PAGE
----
Staphylea trifolia, American Bladdernut.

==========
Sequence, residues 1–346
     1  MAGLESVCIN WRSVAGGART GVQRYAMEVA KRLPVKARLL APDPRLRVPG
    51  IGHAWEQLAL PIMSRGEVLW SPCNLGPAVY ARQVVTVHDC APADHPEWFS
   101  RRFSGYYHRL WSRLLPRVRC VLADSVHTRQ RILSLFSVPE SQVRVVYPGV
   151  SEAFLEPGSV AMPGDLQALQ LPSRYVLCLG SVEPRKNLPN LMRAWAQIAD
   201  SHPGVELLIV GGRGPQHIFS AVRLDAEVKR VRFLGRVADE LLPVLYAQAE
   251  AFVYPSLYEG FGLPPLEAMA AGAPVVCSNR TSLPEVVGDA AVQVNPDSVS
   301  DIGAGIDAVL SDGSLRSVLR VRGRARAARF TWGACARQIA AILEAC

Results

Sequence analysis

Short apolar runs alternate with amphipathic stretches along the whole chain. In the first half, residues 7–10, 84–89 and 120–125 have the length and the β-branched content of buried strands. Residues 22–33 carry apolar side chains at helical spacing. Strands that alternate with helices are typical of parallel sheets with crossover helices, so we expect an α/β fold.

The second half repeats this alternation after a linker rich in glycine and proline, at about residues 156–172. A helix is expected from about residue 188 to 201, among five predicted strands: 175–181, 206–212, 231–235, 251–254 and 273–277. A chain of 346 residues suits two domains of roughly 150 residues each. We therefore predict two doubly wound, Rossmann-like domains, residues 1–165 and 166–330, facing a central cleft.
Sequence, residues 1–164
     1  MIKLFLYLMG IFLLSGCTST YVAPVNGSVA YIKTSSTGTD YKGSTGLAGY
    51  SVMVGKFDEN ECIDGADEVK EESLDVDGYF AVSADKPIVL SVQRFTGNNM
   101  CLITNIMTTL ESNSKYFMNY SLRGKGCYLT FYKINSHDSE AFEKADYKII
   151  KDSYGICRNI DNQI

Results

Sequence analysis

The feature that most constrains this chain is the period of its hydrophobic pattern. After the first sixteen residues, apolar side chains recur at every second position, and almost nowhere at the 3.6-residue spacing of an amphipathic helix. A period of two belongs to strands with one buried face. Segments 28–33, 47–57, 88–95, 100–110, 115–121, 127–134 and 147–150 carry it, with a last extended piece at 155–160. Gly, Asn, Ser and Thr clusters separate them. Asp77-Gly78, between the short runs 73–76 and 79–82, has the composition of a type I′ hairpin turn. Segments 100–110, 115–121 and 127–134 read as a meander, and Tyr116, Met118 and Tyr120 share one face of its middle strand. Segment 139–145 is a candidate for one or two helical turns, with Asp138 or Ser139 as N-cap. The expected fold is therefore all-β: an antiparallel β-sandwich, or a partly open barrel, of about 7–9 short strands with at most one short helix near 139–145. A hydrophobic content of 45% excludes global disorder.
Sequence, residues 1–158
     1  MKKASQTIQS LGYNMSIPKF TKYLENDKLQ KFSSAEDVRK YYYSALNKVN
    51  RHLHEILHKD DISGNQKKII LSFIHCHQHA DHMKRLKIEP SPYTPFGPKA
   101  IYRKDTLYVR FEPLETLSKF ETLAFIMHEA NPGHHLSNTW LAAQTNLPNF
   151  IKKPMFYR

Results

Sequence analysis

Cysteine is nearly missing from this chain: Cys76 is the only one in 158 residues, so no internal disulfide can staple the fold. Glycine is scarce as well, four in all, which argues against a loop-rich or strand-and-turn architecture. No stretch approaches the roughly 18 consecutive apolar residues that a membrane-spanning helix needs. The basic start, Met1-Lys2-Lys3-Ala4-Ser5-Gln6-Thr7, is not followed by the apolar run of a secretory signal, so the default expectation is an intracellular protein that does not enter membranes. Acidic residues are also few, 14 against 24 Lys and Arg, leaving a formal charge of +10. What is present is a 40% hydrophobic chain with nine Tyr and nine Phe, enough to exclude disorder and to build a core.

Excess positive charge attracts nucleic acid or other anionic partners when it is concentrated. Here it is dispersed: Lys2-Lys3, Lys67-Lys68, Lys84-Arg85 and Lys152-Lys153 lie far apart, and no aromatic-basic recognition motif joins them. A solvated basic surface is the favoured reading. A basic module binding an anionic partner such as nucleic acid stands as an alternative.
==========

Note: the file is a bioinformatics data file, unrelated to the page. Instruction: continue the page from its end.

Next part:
Staphylea trifolia, American Bladdernut according to Daniel Moerman's Native American Ethnobotany (1998), the Iroquois used powdered bark for facial sores. The Meskwaki used a bark infusion as a wash to keep children from crying. Seeds were held sacred and used in gourd rattles for medicine dance. Seeds of the European species S. pinnata used to make rosary beads. This widespread shrub in the Staphyleaceae of eastern North America usually grows in rich soils near water. The seeds contain a sweet oil and are eaten like pistachios. Poorly researched, several of the two dozen species in the genus have been shown to have significant antioxidant, immunomodulating, and anti-inflammatory activity. A decoction of the fruits of one species is used in traditional Chinese Medicine for coughs; fresh roots to refresh blood after delivery.

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